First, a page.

Throughout LeBron James’ time with the Cleveland Cavaliers, especially during his second tenure, one of the most important parts of the regular season has been to be 100 percent healthy once the postseason tips off in April. With No. 23 donning the wine and gold, the Cavs have proven countless times that their regular season record and playoff seeding doesn’t really matter come April.
In 2014-15, they were the No. 2 seed in the East.1 In 2015-16, they were the No. 1 seed.2 In 2016-17, they were the No. 2 seed.3 The common denominator for all three years following James’ return to Cleveland? The Cavs have made the NBA Finals in all three, no matter how well they did in the regular season.
While a better seed and home-court advantage is important in the postseason, being 100 percent healthy stands alone atop the list of priorities heading into the start of the postseason each April. A healthy wine and gold squad led by James is not only the favorite in the East, but they will always have a shot to bring home the Larry O’Brien Championship Trophy in June if they are as well.
James even acknowledged that following Wednesday night’s win over the Denver Nuggets to begin the Cavs’ six-game road trip.
“Listen, it doesn’t matter to me if I’m a six seed, a three seed, a two seed or an eight seed,” James told reporters, before a humble brag. “If I come into your building for a Game 1, it will be very challenging.”
He may have been bragging a bit, but it’s true. The guy has made seven consecutive appearances in the Finals. He knows that if he and his team are at full strength, that’s all that matters. The only thing that can stop him (and them) is an injury to either him or one of his teammates, at least in the East.
With that said, the Cavs are currently trying to work through plenty of injuries of their own this season, with the postseason looming in just five weeks. The first major injury came when All-Star forward (center?) Kevin Love broke his left hand at the end of January. With a timetable to return of six-to-eight weeks, he will be set to return to the court just a few weeks prior to the playoffs and will need that time not only to get his game back but to gel with the team, including the newest Cavaliers. Love was a big loss, but as long as he is 100 percent healthy for the postseason and gains some chemistry with the team, that’s all that matters.
Then came this past weekend. Cedi Osman suffered a left hip flexor strain in Friday night’s game and will miss two weeks, Rodney Hood missed Sunday night’s game against the Los Angeles Lakers due to a back strain, and Kyle Korver is dealing with a bruised right foot and was questionable for Sunday, a game he inevitably played in. You can also add Tristan Thompson to the list, who is dealing with an ankle injury. Although his starting spot is now likely Larry Nance Jr.’s, Thompson adds more depth and another body in the front court, something the Cavs badly need. Including Love, that’s five key rotation players who are currently dealing with injuries, and there could potentially be even more that we don’t even know about. Although all five should be ready for the postseason, the fact that the Cavs are dealing with this numbers of injuries is always worrisome, especially as we get closer to mid-April.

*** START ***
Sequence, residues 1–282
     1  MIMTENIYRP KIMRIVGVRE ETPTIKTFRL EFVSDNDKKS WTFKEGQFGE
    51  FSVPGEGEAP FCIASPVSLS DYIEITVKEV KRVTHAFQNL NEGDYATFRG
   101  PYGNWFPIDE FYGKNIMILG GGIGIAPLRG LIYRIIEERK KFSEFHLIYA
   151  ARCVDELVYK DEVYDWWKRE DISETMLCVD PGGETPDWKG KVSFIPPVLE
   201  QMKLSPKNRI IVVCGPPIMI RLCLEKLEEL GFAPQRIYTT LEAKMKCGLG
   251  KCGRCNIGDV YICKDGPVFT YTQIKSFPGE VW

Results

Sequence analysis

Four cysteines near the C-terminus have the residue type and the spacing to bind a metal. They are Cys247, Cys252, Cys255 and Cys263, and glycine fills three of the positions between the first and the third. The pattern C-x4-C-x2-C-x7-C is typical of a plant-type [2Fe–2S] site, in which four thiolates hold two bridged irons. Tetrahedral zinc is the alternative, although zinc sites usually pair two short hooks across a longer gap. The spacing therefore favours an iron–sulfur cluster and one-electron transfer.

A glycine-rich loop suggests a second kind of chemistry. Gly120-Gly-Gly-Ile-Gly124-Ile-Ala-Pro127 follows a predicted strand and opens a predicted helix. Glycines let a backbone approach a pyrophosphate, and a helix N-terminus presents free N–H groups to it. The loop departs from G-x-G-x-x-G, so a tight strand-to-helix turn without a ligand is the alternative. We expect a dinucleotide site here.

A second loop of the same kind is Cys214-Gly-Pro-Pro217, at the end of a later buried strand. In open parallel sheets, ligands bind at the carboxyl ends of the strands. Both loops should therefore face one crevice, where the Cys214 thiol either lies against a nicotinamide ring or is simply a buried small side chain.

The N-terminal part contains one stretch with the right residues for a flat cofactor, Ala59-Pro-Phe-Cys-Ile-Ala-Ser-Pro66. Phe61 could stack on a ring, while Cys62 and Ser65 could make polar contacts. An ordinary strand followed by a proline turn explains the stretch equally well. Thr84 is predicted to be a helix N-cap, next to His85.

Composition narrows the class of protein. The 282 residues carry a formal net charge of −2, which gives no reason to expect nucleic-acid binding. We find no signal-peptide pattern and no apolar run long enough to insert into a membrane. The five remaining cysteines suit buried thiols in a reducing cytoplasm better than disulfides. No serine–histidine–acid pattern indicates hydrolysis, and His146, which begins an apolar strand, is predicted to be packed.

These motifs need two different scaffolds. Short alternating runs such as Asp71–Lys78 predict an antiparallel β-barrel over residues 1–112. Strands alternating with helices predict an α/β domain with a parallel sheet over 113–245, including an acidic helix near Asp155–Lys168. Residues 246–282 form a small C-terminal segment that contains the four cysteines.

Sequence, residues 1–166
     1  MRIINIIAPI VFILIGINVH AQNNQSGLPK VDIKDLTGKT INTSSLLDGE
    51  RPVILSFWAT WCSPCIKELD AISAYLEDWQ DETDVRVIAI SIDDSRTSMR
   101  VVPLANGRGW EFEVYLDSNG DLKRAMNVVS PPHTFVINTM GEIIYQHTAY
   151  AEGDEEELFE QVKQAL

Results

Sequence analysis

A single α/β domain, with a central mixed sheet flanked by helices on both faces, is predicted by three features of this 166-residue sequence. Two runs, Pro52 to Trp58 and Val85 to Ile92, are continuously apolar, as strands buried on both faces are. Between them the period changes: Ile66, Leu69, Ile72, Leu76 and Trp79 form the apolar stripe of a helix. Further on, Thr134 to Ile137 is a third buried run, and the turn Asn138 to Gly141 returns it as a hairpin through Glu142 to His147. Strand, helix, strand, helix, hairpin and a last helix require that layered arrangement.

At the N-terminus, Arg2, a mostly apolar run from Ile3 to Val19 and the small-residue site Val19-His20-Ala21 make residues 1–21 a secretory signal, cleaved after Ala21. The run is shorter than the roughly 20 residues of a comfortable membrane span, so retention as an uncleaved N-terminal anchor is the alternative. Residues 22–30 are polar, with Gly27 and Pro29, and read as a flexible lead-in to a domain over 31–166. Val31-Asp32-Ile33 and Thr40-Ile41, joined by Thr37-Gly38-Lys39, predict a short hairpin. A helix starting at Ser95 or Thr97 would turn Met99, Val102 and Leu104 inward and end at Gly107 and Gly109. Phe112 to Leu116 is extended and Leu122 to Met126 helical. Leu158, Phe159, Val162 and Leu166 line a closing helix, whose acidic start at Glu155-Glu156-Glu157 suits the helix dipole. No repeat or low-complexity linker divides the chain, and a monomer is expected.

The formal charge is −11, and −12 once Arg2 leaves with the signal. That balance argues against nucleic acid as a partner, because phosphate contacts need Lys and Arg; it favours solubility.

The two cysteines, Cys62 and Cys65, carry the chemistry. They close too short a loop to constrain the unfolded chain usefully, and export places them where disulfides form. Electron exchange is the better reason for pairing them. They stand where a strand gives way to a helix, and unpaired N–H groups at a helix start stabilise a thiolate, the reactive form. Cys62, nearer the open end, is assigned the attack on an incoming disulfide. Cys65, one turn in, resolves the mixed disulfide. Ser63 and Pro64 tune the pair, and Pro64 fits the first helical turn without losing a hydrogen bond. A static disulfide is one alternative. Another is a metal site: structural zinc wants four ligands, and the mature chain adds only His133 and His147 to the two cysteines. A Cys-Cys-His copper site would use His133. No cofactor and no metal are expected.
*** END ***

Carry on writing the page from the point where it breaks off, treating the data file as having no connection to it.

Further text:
Those four injuries forced head coach Tyronn Lue to have just 11 active players, three of which have spent significant team with the Canton Charge, the Cavs’ G-League affiliate, this season. If Cleveland was 100 percent healthy, Ante Zizic, John Holland, and London Perrantes don’t play, let alone all three dress. Sunday night in Los Angeles, those three combined to play 45 minutes, including Zizic totaling 15 points and seven rebounds in 20 minutes. Add in that Jose Calderon played 21 minutes and that’s essentially 66 minutes that five players who will all but certainly not make the postseason rotation combined to play. It’s not a knock on any of those guys, it just is the truth. No wonder the Cavs didn’t do well. I mean, what else do you expect?
As long as the Cavs are 100 percent once mid-April rolls around, everything will be OK. It’s getting to that point that’s the scary part. It’s five weeks away, but plenty can happen in that span. Let’s just hope if something does happen, it’s nothing significant and won’t affect the wine and gold being fully healthy when it matters most.
The only way we can guarantee that the Cavs are at 100 percent come mid-April is by wrapping them in bubble wrap. Is that possible? I know it’s not, but at this point, I wish it was. I don’t care if the Cavaliers go winless the rest of the regular season. As long as they are at full strength once the postseason rolls around, they’re the best team in the East. The only reason they aren’t is if they’re without a key player. The King knows that. Cleveland knows that. The East knows that.
Please send all available bubble wrap to Quicken Loans Arena. Thank you.